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Quantum Volume

Quantum Volume

Quantum Volume (QV) is a metric that indicates the largest square quantum circuit that a quantum computer can successfully implement. The dimensions of the square are width, which is the number of qubits, and depth, which is the number of time steps. Scoring takes into consideration qubit counts, gate errors, measurement errors, crosstalk, and connectivity. The protocol mainly tests the execution of randomized two-qubit gates acting in parallel but may use other gates, as well. Higher QV scores indicate more potential computational power.

For more information, our article “Quantum Computer Technology: Architecture, Advantages and Disadvantages” provides an overview of quantum computing technology, with QV mentioned as a metric. Also, the Ars Technica article “Bigger is better: Quantum volume expresses computer’s limit” provides some historical context, as well as example QV calculation results.

What is Quantum Volume

As noted in the Forbes article “Quantum Volume: A Yardstick To Measure The Performance Of Quantum Computers”, quantum volume measurement relates incremental advancements in quantum computer hardware on the roadmap to fault-tolerant quantum computing (FTQC) and quantum advantage. As noted in our article “Government Quantum Computing Initiatives: An In-Depth Exploration,” hardware providers can therefore flaunt QV scores as an indicator of technological leadership. Commercially, QV scores provide an easy way for corporate users to compare the available quantum computers.

Understanding the Components of Quantum Volume

Despite the name and the use of square quantum circuits, Quantum Volume isn’t calculated like the volume of a cube. Instead, multiple statistical tests are performed. The features of a quantum computer that influence the outcomes of these tests include:

  • The number of physical qubits available, with higher counts being better
  • Gate and measurement error rates, with lower rates being better
  • Qubit connectivity and the cross-talk between neighboring qubits

Connectivity indicates which qubits can be entangled directly. The quantum volume of electron based modalities, such as superconducting qubits, is limited because each physical qubit is directly connected to a limited number of neighboring qubits. QV therefore favors modalities such as neutral atoms, which have all-to-all connectivity.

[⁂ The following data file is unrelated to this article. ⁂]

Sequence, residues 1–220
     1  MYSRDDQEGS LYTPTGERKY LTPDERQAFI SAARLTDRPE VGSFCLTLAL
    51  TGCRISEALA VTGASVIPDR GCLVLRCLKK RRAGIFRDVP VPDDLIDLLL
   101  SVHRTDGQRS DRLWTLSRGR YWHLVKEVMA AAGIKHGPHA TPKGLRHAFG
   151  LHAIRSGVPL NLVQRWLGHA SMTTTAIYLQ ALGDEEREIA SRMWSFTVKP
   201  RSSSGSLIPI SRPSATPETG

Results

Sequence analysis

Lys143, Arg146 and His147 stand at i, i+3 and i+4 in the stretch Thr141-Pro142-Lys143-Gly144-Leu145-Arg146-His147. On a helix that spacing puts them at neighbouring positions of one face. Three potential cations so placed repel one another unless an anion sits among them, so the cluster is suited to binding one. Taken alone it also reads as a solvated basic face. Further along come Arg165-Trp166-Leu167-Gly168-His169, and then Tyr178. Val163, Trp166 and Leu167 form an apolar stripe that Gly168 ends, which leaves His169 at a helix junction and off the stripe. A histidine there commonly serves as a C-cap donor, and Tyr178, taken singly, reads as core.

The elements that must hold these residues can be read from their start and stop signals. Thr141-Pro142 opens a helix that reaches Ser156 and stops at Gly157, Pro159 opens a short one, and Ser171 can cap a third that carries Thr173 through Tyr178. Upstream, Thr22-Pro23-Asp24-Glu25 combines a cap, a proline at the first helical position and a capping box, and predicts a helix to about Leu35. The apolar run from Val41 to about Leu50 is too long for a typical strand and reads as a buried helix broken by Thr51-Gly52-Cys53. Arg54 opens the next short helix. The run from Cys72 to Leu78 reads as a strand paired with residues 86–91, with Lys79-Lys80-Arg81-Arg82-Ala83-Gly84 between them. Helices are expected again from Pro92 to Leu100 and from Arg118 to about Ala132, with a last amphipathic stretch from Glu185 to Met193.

The Quantum Volume Formula

The definition of Quantum Volume has evolved over the past few years. Circuit depth ‘d’ depends on the average error rate ‘ε’ of a two-qubit gate:


However, if qubit connectivity is limited, SWAP gates may be needed to help implement some two-qubit gates. With ‘ε_phys’ as the average error rate of a two-qubit gate and ‘n’ as the number of qubits, the average error rate becomes:

                                                                                       ϵ=ϵ_"phys" +n_"SWAP" ⋅ϵ_"SWAP"

When ‘d < n,’ which means that the number of qubits exceeds the maximum circuit depth, adding qubits lowers the QV score:

                                                                                           V_Q=(max⁡)┬(n≤N) min⁡(n,d)^2

However, adding qubits exponentially increases the complexity of simulating circuits on classical computers. Therefore, QV was re-defined as an exponential of circuit size:


Using this definition with a square quantum circuit (width = depth), QV indicates the deepest circuit that can be implemented on the target quantum computer with a success likelihood exceeding 2/3 and a confidence interval surpassing 97.725%.

Quantum Volume and Quantum Supremacy

“Quantum supremacy” is a demonstration that a quantum computer can solve a problem that no classical computer can solve in a reasonable timeframe. While these demonstrations are important, one shortcoming of these demonstrations is that they do not require quantum error correction (QEC). The accuracy of the results is not significant.

To solve real-world problems, however, accuracy matters. “Quantum advantage” would be the demonstration of a quantum computer solving a commercially-relevant problem faster than a classical computer with an accuracy that makes the results useful. Because quantum advantage is not yet possible, increases in Quantum Volume scores indicate that progress is being made toward achieving this goal. There is no set QV score that indicates quantum advantage is possible, but increases nonetheless indicate progress.

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